T-Mobile has launched the first 5G network in Poland

I was a little afraid that Polish operators would distort the terminology and use the phrase “5G ready” in connection with the LTE-Advanced Pro network. Fortunately, this did not happen. T-Mobile launched 5 5G base stations in the center of Warsaw yesterday, forming the first 5G network in Poland. Can we say that 5G came to Poland for good?

In early 2011, we faced a terminological scandal involving the marking of mobile networks in Poland. Play has launched an advertising campaign called “purple” HSPA + network 4G ready. In fact, HSPA + is a more advanced version of HSDPA. Both standards are based on the classic 3G, ie UMTS networks. Therefore, it has been determined that it is referred to as HSPA + 3.9G. On the other hand, the term 4G LTE is already used for base stations that use a new radio interface and a new network architecture. At the same time, we must remember that HSPA + in 2011 offered speeds comparable to the first LTE networks in operation. The situation can be the same with 5G. Fortunately, none of the Polish operators were willing to say that they have a network ready for 5G.

The 5G network from T-Mobile is real 5G

Until now, Orange was the only Polish operator to test 5G outside the laboratory. However, these tests are limited to a single base station launched in Gliwice. Not much, but the experiments aroused a lot of emotions. Some were pleased with the arrival of a new generation of mobile networks in Poland. Others began to fear the impact of new technology on human health. However, these concerns have no basis. No one has yet demonstrated the harmful effects of electromagnetic radiation generated by base stations on our health. Some believe that we need to better understand how the new frequencies used by 5G affect living organisms. The only problem is that the first 5G networks launched in Poland will use the frequencies used by the WiMAX system, ie from 3400 MHz to 3800 MHz.

In Warsaw, the 5G network operates in the 3.5 GHz band

Now a few words about what mobile tigers love the most. This is a technological aspect of the 5G network launched by T-Mobile Polska. We are dealing with 5 base stations (gNB – Next Generation NodeB) operating in the 3.5 GHz band. The width of the radio channel is 100 MHz, which is enough to “capture” the most advanced 4G base station. At the same time, none of the operators in the world has a license for such a wide area. The first frequency auctions for 5G networks will change this. UKE plans to divide the entire 3400 MHz – 3800 MHz band between four operators. If this happens, each of them will have a 100 MHz block. Will it be so? We do not know. However, tests conducted by Orange and T-Mobile will show us what can be achieved with such a large radio block. But that’s not all.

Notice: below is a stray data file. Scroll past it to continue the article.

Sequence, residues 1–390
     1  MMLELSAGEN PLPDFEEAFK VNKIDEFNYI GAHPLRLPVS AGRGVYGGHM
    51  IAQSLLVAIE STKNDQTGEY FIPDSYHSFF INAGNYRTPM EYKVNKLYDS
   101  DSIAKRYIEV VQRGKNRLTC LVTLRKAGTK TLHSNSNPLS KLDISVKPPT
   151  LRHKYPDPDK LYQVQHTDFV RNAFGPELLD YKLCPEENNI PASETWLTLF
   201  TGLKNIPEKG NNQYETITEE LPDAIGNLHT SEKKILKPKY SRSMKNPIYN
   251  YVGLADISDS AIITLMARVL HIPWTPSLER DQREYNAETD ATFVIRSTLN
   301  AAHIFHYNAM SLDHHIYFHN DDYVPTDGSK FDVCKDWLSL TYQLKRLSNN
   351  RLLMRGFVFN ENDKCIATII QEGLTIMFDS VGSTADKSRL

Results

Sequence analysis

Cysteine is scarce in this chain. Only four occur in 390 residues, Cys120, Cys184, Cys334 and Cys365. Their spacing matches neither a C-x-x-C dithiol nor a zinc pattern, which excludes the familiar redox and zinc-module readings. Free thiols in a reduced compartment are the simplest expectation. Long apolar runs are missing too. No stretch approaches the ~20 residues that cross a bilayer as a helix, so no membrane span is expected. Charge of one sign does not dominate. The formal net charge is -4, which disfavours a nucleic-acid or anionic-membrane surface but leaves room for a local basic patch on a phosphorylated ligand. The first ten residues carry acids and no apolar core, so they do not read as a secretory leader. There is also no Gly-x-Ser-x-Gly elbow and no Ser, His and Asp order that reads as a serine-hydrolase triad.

5G cannot do without high speed fiber optic network

LTE base stations are connected to the backbone network using solutions of different capacities. We can now talk about a standard with 1 Gbit / s radio lines and fiber-optic connections. This is not enough for 5G. Therefore, each of the five new generation T-Mobile base stations is equipped with fiber-optic output of 10 Gbit / s. Without it, the backbone network would be bottlenecked, because it could not transmit all the data transmitted by modern antennas. Here, too, we are facing a revolution. T-Mobile has equipped new base stations with beams that support beam formation.

The 5G antenna looks like this inside.

What is Beamforming?

Beamforming is a solution to one of the biggest challenges facing 5G designers. The new generation of mobile networks will use higher frequencies than those currently used in 4G networks. This, in turn, means more attenuation, which results in a shorter range of base stations. Without beamforming, operators would have to significantly increase the density of base stations. Therefore, 5G base stations have panel antennas equipped with a large number of radiators. In practice, these are 8-column antenna systems. Each of them emits an out-of-phase (ie time-delayed) signal relative to the signal from the adjacent column. The “antenna magic” then irradiates the entire antenna with a narrow beam. This means that the information intended for a particular user is not sent to the whole sector, but only to it. As a result, the signal received by the 5G terminal has a better quality (ie does not receive interference in the form of signals intended for other users).

However, creating a single beam does not solve all the problems. Mobile networks are characterized by the movement of users while transmitting data. This means that the base station must be irradiated depending on where the terminal moves. For this purpose, the beam tracking technique used by T-Mobile 5G base stations is used. Experts in telecommunications companies believe that the beam formation will allow in the range of 2100 MHz in the range of 3.5 GHz, which is comparable to LTE transmitters.

Source: T-Mobile

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